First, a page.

NEW DELHI: Extreme poverty in India declined by 38 million in 2021 to 167.49 million after a surge in the two preceding years, but remained above the 2018 level, the latest World Bank data shows.
While for most countries poverty rose in 2020, when the Covid-19 pandemic hit the global economy, the data shows poverty shot up in India a year earlier in 2019 to 176.09 million from 151.79 million in 2018, the lowest pre-pandemic count. India’s poverty rate at 11.9 per cent in 2021 also remained higher than the 2018 level of 11.09 per cent, though easing from 14.72 per cent in 2020.
The World Bank measures extreme poverty rate at $2.15 a day in purchasing power parity terms.
The multilateral lending institution used data from the Consumer Pyramids Household Survey (CPHS), conducted by the Centre for Monitoring Indian Economy (CMIE), to estimate poverty for India in the absence of Household Consumer Expenditure Survey data from the government since 2011-12.
The World Bank substantially revised upwards its extreme poverty number for 2019 to 176.09 million from 136.81 million estimated earlier. This substantially narrowed the gap with the 2020 figures to 29.5 million, implying the pandemic had a lesser debilitating impact on poverty than earlier anticipated.
Last year, the World Bank said about 56 million Indians may have plunged into extreme poverty in 2020 as a result of the pandemic, increasing the global tally by 71 million and making it the worst year for poverty reduction since World War II.
N C Saxena, who was a member of the erstwhile Planning Commission, said there were many reasons why poverty might have increased before the pandemic in 2018-19. “The government’s own 2017-18 consumption survey that it junked had shown that poverty increased in India. In the 2005-2015 period, there was a great deal of investment in construction, which declined after 2015. So, a large number of people who were involved in construction activity lost their jobs. The latest figures also show there has been no increase in real wages. The number of people who are in the workforce has also not increased significantly. Therefore, a large number of people are in the third category of ‘neither employed nor seeking employment’,” he said.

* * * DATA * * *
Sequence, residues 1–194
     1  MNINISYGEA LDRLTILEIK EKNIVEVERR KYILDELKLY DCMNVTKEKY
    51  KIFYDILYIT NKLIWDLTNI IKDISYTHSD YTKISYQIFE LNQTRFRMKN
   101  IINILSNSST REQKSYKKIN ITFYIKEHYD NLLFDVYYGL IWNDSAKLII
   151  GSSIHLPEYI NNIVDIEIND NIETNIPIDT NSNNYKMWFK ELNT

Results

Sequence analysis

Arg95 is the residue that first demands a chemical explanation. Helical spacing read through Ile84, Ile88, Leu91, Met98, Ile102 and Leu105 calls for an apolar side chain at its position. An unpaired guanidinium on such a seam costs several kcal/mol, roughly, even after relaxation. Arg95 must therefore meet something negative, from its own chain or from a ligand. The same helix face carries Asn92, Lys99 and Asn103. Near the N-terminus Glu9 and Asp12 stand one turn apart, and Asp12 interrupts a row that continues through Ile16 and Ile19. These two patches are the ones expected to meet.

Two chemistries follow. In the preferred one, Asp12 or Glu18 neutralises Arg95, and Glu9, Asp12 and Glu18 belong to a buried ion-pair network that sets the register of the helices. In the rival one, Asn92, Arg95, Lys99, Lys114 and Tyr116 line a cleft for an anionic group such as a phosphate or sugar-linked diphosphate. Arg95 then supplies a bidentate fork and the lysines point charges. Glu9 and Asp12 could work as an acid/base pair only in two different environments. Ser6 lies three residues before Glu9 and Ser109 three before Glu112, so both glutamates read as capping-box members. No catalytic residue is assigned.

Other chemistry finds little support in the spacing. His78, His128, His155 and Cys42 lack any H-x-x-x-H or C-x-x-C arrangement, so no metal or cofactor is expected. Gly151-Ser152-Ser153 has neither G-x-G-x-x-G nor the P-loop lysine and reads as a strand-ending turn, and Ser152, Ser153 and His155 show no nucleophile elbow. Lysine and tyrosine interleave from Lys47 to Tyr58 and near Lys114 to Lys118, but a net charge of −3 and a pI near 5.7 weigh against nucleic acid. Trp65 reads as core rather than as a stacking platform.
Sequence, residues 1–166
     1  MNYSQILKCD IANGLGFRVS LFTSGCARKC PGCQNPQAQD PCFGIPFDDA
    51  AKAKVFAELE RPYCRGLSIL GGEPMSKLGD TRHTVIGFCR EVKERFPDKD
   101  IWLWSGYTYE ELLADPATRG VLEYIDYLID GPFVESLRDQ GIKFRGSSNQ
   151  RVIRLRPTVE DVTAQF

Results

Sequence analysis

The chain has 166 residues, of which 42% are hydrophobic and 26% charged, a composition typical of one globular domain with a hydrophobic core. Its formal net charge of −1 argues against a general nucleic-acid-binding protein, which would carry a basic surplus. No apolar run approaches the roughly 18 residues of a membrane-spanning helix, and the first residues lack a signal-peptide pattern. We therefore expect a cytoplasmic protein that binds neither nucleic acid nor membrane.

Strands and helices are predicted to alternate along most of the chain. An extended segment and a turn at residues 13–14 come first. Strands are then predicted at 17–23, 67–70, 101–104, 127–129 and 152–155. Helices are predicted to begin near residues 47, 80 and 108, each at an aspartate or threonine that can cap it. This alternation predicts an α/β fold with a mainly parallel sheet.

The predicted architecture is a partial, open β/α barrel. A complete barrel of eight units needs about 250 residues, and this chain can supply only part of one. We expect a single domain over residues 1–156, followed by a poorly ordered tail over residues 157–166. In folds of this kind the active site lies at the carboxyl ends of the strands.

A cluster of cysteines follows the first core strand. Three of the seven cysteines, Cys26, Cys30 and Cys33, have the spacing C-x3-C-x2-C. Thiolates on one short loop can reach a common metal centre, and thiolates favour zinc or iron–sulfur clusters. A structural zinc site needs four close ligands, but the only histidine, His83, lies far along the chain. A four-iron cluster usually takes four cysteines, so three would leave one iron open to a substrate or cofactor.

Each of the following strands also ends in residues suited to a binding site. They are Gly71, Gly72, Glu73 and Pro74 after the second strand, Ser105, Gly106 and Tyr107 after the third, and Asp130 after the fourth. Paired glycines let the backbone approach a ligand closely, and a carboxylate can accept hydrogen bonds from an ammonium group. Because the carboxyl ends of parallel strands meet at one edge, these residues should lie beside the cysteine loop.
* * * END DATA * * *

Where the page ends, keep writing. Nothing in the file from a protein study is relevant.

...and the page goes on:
The United Nations under the Sustainable Development Goals (SDGs) has set the target of eradicating extreme poverty for all people everywhere by 2030. “I don’t know how things will change in the next five years but it appears that the goal is difficult to achieve,” Saxena said.
In a blogpost published on its website, the World Bank said the post-pandemic recovery from high levels of poverty had been uneven. “While extreme poverty in middle-income countries has decreased, poverty in the poorest countries and countries affected by fragility, conflict or violence is still worse than before the pandemic,” the World Bank said.
The economic setbacks of the pandemic resulted in the largest increase in global extreme poverty in decades, the multilateral lending agency said. “Global poverty has now receded to levels closer to those prior to the pandemic, but this means that we have lost three years in the fight against poverty,” it added.
Source: Business Standard